Tennessee Tech Alumni Association

Tennessee Tech Alumni Association honors six outstanding alumni 

a black and white portrait collage of the 2020 alumni award winners

Tennessee Tech’s Alumni Association recently honored six individuals who have demonstrated professional success, received recognition and instilled great pride among the faculty, students and alumni of the university. The honorees accepted their awards, delivered speeches and mingled with friends and family in a virtual reception on April 9. 

The Evening of Excellence recognized Jake Hoot, Outstanding Young Alumnus; Maggie R. Smith, Outstanding Service; Leanna Garrick, H. Ray Sells, and J. Michael Winchester, Outstanding Philanthropy; and V. Leon Davis, Distinguished Alumnus.

“I am extremely proud of the accomplishments of each and every one of these alumni award winners, and they are all great representatives and ambassadors for Tennessee Tech,” said Tech President Phil Oldham. “I thank each of them for all they have done and continue to do for their alma mater.” 

Jake Hoot, `13 interdisciplinary studies, amassed a fiercely loyal following during his time on Season 17 of NBC’s The Voice. In November, Hoot released a cover of “La Bamba” as his lead-off single, which landed in the Top 10 on the iTunes Latin charts, and in January, he released his debut EP featuring a duet with Kelly Clarkson titled “I Would’ve Loved You.”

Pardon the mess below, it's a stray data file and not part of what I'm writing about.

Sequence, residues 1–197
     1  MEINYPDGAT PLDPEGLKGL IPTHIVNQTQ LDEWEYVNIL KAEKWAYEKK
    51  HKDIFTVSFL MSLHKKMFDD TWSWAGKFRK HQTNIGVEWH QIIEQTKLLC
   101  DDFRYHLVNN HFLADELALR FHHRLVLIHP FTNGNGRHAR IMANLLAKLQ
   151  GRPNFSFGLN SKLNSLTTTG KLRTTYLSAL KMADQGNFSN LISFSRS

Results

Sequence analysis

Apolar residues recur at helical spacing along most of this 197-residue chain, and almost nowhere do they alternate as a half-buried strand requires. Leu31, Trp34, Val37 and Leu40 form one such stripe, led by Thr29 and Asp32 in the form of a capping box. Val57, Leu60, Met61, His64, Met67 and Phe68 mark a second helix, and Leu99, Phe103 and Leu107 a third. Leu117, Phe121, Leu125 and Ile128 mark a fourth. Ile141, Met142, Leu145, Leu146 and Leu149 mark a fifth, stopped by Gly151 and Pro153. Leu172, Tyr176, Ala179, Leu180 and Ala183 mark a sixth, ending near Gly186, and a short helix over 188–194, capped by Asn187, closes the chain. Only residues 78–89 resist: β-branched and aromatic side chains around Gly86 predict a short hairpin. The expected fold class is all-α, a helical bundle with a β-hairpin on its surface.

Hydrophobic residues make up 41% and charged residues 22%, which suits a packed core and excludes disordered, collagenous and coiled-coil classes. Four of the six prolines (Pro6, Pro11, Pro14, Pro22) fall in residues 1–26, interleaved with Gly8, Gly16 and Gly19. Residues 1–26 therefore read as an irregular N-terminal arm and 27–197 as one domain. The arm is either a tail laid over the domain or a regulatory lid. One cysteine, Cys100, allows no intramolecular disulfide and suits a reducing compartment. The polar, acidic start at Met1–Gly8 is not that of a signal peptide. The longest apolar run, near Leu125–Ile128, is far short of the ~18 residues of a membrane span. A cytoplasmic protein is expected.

Hoot credits Tech for much of his career success. At age 20, he moved to Cookeville, Tenn., and attended Tech as a walk-on football player. During his time as a student, he participated in open mic nights at Tech’s Backdoor Playhouse and started playing music at local businesses in the Upper Cumberland. 

“I remember meeting coach [Watson] Brown and Coach Sam [Williamson] and walking around the campus and meeting the people here,” said Hoot. “There was no question about it. This is where I needed to be.” 

Maggie R. Smith, `82 animal science and `90 agricultural education, works with food manufacturers, food processing plants and farms to ensure compliance to food safety and animal welfare regulations and guidelines. In 2015, she started Viand Group LLC, comprised of subject matter experts in animal and food agriculture, production and processing. She is the author of Marvelous Morsels:  Unique Food Gifts for Year-Round Giving. Smith connects agriculture students and professors with industry personnel, mentors students and provides advice and feedback in her areas of expertise. 

“It is an honor to join the 56 others who came before me to win this outstanding service award,” said Smith. “I am proud to join you as number 57. I am proud to be of service to Tennessee Tech. I’m proud to have accepted the challenges of my career and pave the way for future generations.” 

Leanna Garrick, `86 business management, is a business solutions advisor with more than 38 years of experience supporting hardware, software and networking configurations in the areas of data processing and information systems management. Currently, she is a member of the incentive compensation team that supports the FedEx Global Sales organization in Memphis, Tenn. She and her husband Jim are avid supporters of Tech’s Student to Career Center and the Eagleworks Innovation & Entrepreneurship competition and program.